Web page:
In 2013, the Patriotic Front Party (PF) and its President Michael Sata came into power and immediately announced a new constitution building process as a continuation of their campaign promise to deliver a people driven constitution within 90 days of assuming office.  The Technical Committee on Drafting the Zambian Constitution (TCDZC) was set up with the mandate to use past constitution documentation to draft a new constitution. In order to realise a people-driven process, the TCDZC prepared a first draft based on previous documentation, which they then subjected to a consultative process involving international experts and nation- wide conventions at three levels: district, province and national/sector group.  Although the TCDZC enjoyed a lot of latitude in the drafting of the constitution, there was no clear autonomy with regard to the adoption and enactment process.  TCDZC’s second and Final Draft Constitution prepared with input from the consultative process was ideally supposed to be presented to the President and simultaneously released to the public in preparation for a national referendum and subsequent enactment by Parliament; yet this did not happen.  After the Draft was prepared, the process stalled for over a year.

The Lungu “Compromise”

The Document was retained by the Ministry of Justice until late 2014, when then Minister of Justice/Minister of Defence, Edgar Lungu released it to the general public.  When he took office as President in January 2015, Lungu resumed the constitution making process in earnest. Arguing that a referendum in 2015 following the presidential by-election would be too expensive and did not guarantee a successful result, he proposed a political compromise within the terms of Article 79 (3) of the Constitution’s Amendment clause.  He put forward a sequential adoption process, where holding the required referendum on the Bill of Rights and Amendment clauses would take place later than the adoption of the rest of the draft constitution, i.e. the compromise pertained to the timing rather than to the substance of the enactment of the new Constitution.  The bulk of the document, termed non-contentious provisions, would be enacted by Parliament and become effective immediately; whereas the entrenched Amendment clause and the Bill of Rights would be the subject of a referendum to be held simultaneously with the tripartite general elections in August 2016.  The opposition and civil society were unhappy with this proposal fearing that the plan would provide Parliament with an opportunity to debate and alter the document against the wishes of the people.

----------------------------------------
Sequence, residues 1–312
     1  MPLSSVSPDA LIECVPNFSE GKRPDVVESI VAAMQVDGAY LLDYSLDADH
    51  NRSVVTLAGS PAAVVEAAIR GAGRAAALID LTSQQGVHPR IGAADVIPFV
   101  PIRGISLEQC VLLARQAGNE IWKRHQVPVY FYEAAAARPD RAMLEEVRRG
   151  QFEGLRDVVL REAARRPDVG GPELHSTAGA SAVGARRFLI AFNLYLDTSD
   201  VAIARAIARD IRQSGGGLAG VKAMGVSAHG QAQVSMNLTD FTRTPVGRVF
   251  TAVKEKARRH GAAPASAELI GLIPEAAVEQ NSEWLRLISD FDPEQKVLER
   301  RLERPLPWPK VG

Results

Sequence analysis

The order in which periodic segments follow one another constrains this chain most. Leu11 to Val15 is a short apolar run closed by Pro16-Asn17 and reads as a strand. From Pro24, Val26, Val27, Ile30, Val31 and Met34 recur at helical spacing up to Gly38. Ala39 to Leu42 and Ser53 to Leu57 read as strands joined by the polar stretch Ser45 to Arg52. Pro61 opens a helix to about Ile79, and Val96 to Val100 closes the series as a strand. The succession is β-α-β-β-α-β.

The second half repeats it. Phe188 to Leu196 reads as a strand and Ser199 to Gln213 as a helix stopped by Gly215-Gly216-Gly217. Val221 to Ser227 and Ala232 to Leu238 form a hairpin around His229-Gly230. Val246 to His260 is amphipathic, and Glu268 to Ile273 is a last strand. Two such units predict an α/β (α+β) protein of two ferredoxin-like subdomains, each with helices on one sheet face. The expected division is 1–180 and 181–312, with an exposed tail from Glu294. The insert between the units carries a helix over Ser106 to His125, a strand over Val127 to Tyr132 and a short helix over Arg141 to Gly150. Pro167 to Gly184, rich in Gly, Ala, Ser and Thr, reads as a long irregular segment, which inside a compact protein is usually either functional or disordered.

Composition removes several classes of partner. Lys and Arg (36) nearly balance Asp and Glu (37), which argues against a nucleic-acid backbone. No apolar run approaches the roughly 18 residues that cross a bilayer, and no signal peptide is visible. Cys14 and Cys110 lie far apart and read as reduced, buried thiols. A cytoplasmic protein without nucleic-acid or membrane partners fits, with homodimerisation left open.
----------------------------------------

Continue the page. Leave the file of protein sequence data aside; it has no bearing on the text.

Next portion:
The TCDZC Final Draft Constitution now renamed the Constitution Amendment Bill of 2015 was presented to Parliament in late 2015 unchanged, other than to exclude entrenched provisions subject to a referendum.  What transpired in Parliament during the second reading of the Bill, which took place on 10 December 2015 however brought major changes.  Whereas some provisions such as the 50% + 1, presidential running mate and dual citizenship went through, other provisions were altered at the behest of the government working with some members of the opposition to attain the required two-thirds majority.  The remaining opposition members (UPND and some MMD) though steadfast in their resolve to oppose any changes (and perhaps sensing an opportunity to gain political mileage with the general public) were defeated.

Major Changes in passing the Constitution Bill

Major changes were as follows: Firstly, a devolved system of governance through provincial assemblies was rejected on the grounds of cost and the ongoing decentralisation process.  Effectively, this undermines popular participation in governance and possible resolution of the Barotseland (a contested region in Western Zambia) demand for self-determination, a source of simmering tension since Zambia’s Independence.